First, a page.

Don’t bother going away and searching who Sean Kelly is – there are lots of famous Sean Kellys, ranging from musicians to poker players. This particular Sean Kelly doesn’t even have his own Wikipedia page. For anyone who has watched the British or American versions of Storage Hunters, which he devised and hosts, this will seem like a grave lapse.
Kelly is most famous for his rapid-fire auctioneering babble that can sound like Bargain Hunters after several strong coffees, but has also been doing stand-up for well over a decade. While he has a stand-up show at the Fringe, he also runs a chat show where he speaks to numerous guests who are all performing at the Fringe that year. It’s never particularly funny, but nevertheless it is all very pleasant, and hearing what Fringe performers have to say about their careers and shows is never boring.
The audience, however, are blown back in their seats when the charity auction for Help for Heroes gets underway. Kelly presents a number of different items to go under the imaginary hammer – including a t-shirt with himself on it, which may be the paramount of delightful narcissism at the Fringe this year. Rick Samadder from the Guardian once described Kelly’s auctioneering style as “like someone has attached electrodes to a woodpecker” but this is not a criticism. If anything, hearing him going through the auctioneering lingo as quickly as he does, selling off all these random items for charity, will leave the audience feeling deeply impressed.
His interviewing skills, though, do need a bit of work. He is good at reacting to what the guests are saying, but dedicated far too little time to one of them compared to the other two, who both work on the same production. Kelly is apparently far more into Shakespearean rhyming couplets than into shows by young British comedians (who knew?).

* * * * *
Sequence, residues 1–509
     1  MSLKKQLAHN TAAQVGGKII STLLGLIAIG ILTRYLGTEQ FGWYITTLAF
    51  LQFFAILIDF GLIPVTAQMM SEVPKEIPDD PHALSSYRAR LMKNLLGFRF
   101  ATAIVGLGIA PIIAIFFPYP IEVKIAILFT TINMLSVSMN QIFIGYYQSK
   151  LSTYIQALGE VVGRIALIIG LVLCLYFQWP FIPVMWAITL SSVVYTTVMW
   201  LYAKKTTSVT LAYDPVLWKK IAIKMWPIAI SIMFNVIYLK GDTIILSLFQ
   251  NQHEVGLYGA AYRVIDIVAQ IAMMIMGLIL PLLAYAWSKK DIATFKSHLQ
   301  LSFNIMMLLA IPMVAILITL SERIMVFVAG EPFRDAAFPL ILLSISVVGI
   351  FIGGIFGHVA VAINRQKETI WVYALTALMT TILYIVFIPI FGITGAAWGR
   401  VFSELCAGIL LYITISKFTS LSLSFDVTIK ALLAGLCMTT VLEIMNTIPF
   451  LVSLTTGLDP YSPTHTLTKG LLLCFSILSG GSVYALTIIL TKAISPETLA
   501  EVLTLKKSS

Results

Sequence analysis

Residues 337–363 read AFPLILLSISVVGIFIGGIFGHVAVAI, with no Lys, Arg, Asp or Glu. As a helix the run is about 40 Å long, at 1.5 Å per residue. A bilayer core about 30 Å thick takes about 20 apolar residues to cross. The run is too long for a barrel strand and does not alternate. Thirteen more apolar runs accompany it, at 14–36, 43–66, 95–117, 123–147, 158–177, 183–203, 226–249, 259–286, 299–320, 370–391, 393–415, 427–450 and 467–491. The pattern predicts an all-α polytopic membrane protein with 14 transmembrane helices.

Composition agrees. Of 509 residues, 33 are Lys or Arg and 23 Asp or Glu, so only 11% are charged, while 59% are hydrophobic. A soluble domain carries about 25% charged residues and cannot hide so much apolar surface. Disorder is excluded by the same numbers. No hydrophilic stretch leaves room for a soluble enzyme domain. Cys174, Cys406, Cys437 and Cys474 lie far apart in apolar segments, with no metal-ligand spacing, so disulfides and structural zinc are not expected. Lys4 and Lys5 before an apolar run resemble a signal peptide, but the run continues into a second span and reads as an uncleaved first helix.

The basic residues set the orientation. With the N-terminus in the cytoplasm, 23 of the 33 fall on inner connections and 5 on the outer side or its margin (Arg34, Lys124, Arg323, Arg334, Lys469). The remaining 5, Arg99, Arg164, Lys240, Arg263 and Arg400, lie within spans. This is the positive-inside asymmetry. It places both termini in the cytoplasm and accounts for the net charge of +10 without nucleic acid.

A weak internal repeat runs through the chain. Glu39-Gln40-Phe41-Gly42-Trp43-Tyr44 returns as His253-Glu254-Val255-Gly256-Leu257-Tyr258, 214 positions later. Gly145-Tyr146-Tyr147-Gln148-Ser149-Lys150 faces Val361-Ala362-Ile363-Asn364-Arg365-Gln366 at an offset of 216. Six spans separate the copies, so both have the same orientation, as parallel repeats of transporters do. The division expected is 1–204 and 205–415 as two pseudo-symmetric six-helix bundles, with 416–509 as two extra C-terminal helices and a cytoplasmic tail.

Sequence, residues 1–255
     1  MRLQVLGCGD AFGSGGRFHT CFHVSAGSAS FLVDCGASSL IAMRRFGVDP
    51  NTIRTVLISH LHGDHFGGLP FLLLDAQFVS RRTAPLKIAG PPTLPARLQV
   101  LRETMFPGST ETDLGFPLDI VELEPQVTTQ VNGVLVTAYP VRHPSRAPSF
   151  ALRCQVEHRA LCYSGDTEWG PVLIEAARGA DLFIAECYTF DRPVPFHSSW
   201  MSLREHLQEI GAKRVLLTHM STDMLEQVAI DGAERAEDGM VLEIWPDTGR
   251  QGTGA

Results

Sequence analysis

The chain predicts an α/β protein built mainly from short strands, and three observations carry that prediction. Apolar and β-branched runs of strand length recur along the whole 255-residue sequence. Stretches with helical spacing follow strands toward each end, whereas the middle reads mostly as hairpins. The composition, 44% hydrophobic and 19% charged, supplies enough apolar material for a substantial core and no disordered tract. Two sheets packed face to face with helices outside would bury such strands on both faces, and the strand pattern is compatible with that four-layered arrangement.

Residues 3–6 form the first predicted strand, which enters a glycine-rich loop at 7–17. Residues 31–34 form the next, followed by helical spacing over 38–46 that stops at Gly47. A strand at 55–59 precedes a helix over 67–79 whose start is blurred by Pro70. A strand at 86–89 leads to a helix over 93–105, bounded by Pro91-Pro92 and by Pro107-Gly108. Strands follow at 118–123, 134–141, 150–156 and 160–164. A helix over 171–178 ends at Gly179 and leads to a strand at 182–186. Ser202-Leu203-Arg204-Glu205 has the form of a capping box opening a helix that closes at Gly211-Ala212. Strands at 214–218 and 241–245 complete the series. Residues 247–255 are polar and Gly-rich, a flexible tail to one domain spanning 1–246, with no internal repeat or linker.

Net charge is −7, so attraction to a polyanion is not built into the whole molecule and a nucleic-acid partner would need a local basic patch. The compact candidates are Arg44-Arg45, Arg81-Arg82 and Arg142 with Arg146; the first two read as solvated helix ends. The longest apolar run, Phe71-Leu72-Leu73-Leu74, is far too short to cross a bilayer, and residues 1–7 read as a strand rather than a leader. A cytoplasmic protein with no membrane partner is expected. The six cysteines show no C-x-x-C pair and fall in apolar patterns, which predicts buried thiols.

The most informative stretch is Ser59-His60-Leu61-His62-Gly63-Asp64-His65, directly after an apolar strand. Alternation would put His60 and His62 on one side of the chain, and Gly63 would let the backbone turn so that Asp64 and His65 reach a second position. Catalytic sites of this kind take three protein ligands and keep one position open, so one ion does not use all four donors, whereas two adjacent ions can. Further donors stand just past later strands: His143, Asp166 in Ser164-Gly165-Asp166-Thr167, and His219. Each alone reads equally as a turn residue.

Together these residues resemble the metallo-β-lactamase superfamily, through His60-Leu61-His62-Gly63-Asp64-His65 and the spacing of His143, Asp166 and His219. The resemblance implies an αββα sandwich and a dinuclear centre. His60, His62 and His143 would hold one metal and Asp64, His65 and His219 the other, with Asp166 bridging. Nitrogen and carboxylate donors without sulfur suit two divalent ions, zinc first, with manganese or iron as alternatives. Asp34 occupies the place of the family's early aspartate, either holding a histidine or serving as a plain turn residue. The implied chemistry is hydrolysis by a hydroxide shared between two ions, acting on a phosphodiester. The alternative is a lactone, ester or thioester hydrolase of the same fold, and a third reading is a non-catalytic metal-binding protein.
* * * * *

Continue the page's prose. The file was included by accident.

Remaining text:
It’s easy to have a love-hate relationship with Sean Kelly. His bubbly enthusiasm is irksome but also rather pleasing, because he at least is clearly having an incredible time. And this does show – it makes a big difference when the star of the show is doing what he loves, and Kelly clearly does. The charity auction at the end is also a nice touch, and actually provides some of the afternoon’s funniest moments.
Sean Kelly’s Chat Show is a show that those watching will have to be patient with. It starts off ok, but not especially interesting or funny. When the auctioneering starts, however, then the strange hypnotic enjoyment that made Storage Hunters one of the most successful daytime TV shows starts to become clear. Kelly cannot be faulted for his enthusiasm or charitable nature, and fans of his will love every minute, but the show itself has its shortcomings.
Sean Kelly’s Chat Show
Underbelly Med Quad (Venue 302)
Until 27th August
Photo credit: © Edinburgh Festival Fringe Society